January 3, 2024 workforce podcast show notes
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Jamie begins with a quote from Fortune magazine regarding why employees leave during the first 6-12 months. Some of these reasons can be restated to include:
- Feeling out of sync
- Not understanding how they impact the company
- Realizing their job-related activities are different from what they were originally told
In Part 1 of this discussion, specifically focused on employees who were in their first 6 months, the group stressed the importance of helping the new hire to clearly understand the above 3 points. How well your team performed relative to this important activity will set up the next 6 months and beyond.
Molley discusses how at the 6-month mark, the employee is beginning to develop relationships with his/her co-workers. They should be settling into both the role and the culture. Jason asks if it’s fair for the responsibility to now transition from the recruiting team to the management team? The answer is yes.
This would make sense because the recruiting team now needs to refocus on generating the next batch of new hires. They’ve generally done their job of finding the right candidate, getting them hired and assisting with the on-boarding process.
Molley recognizes that there may be some joint-responsibility, but for the most part it’s no longer a recruiting issue. There should be a helpful hand-off.
If leaders were to see a trend develop in which people decide to leave in the 6-8 month period, then of course, maybe recruiting should be involved in a deeper dive into the core issue driving the trend. However, generally speaking, it’s now in management’s hands.
Molley recounts a series of simple, but important questions she presents to C-Suite leaders regarding their turnover rate, cost of hiring and the cost of leaving that position unfilled. Many do not have a firm grasp on those metrics.
Jason comments the above illustrates exactly why a company should have at least one individual tasked with monitoring, measuring and reporting on these metrics. It’s vital to the company’s ability to grow in a competitive market.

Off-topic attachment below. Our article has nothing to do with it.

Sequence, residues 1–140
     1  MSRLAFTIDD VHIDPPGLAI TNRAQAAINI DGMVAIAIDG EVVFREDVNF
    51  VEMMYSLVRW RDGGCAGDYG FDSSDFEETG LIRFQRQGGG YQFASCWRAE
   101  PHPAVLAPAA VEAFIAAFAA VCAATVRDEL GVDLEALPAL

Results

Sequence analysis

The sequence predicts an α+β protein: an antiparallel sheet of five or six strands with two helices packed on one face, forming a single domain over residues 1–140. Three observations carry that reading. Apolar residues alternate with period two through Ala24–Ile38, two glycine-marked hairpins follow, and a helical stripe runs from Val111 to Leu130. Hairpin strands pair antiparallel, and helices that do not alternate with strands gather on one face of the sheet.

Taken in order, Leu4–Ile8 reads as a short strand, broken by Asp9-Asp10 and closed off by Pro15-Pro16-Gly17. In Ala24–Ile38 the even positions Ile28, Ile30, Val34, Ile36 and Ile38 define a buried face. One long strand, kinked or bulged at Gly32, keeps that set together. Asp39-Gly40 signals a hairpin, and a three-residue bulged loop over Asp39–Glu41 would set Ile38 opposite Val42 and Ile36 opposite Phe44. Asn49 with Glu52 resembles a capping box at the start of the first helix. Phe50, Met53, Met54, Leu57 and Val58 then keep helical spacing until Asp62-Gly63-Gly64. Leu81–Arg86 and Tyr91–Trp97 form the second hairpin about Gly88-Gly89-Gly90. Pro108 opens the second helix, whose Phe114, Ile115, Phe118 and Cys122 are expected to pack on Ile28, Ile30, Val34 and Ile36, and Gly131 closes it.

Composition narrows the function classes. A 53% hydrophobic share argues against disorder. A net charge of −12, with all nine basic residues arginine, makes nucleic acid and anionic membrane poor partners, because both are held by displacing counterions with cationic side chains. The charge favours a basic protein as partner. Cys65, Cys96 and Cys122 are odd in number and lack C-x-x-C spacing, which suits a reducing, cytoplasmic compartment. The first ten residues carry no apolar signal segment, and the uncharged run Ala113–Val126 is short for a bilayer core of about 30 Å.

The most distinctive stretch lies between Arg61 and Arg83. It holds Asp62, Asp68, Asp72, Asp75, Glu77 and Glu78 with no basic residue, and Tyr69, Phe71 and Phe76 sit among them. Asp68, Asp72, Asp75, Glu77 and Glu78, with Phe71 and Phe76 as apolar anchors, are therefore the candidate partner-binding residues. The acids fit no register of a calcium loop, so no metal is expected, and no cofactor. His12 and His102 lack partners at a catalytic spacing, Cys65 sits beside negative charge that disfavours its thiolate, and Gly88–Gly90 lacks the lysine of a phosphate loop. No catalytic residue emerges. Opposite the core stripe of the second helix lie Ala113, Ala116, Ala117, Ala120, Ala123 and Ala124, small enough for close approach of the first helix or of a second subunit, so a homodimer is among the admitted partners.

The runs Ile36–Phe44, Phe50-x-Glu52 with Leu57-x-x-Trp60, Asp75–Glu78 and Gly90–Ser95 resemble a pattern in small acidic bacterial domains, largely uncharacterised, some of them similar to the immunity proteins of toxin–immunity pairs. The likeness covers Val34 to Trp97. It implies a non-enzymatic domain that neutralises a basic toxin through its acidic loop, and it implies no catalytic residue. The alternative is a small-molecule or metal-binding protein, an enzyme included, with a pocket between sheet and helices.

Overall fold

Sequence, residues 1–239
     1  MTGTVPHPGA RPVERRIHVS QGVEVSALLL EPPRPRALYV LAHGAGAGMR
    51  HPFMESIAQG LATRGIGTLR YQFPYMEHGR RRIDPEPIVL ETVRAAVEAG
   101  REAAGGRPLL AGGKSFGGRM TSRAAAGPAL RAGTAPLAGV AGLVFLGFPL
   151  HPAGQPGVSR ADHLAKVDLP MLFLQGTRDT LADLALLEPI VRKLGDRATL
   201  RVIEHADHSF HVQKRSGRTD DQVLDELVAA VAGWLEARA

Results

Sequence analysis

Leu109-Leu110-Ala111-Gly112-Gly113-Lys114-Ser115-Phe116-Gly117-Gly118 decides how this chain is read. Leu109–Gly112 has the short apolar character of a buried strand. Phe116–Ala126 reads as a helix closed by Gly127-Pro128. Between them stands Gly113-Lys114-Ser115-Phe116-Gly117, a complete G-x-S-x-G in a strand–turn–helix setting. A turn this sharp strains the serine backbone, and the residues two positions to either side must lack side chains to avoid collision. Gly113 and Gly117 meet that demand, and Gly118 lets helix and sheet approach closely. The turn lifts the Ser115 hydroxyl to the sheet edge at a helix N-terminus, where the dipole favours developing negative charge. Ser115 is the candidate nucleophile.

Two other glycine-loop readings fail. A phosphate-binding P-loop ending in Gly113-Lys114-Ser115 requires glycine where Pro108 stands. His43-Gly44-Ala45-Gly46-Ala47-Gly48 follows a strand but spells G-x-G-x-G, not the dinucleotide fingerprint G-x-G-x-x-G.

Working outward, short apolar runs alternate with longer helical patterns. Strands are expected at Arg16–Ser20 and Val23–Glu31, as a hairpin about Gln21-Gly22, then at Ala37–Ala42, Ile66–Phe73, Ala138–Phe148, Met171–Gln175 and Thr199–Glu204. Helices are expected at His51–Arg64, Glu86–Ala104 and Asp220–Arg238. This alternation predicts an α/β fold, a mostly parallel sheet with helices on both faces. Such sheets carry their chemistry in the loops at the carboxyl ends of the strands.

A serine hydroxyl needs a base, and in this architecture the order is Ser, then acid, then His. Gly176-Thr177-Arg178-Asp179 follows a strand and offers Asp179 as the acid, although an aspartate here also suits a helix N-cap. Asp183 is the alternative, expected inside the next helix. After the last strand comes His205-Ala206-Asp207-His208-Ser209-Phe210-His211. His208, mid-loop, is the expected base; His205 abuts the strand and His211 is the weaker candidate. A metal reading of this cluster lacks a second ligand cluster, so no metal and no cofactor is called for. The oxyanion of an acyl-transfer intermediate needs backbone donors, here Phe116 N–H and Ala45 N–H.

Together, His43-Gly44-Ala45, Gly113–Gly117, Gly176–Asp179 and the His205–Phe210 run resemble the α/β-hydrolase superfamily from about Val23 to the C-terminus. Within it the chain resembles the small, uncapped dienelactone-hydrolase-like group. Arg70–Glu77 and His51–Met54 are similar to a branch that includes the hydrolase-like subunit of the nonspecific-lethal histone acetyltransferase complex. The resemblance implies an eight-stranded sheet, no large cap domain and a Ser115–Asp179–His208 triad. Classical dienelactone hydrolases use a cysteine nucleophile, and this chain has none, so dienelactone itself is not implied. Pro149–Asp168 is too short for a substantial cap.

The Workforce Therapy Files team is a group of professionals who work with companies grappling with the challenges of workforce development. They know how overwhelmed talent-teams are. Nonetheless, someone in the company needs to have retention as a part of their individual responsibilities.
Managing the Transition
Molley recommends re-engaging with employees who are at that 6-month timeframe to see if they would be interested in mentoring others in the 0-6 month range. It could foster engagement for both parties. There’s a lot of value in this effort.
Jamie discusses how the types of conversations you’re having with that employee who is in the 6-month to 3-year tenure needs to evolve. It’s a good time to get the pulse of the individual relative to their aspirations for advancement, job-satisfaction and general engagement. Make sure employees continue to feel that level of interest you initially showed. They are still important to the overall mission.
Unfortunately, at the 3-year mark, there tends to be a dramatic decrease in the engagement level of an employee, based on what Jamie’s observed during her career working to help various companies. Job rotations and internal job fairs are ways to foster interest and improved engagement levels.
Molley makes a good point. If you do internal job satisfaction-style surveys, but don’t take action based on the results, nothing will change. In fact, it may worsen. Your employees are human beings and they need to be acknowledged for the contribution they make to the overall organization’s success. Knowing that they are being heard is a great way to begin improving employee engagement. “I hear you” is a powerful statement for management and supervisors to make.
How Does Your Employee Perceive What They Do?
Jamie recounts an example that goes directly to an individual’s contribution to the mission: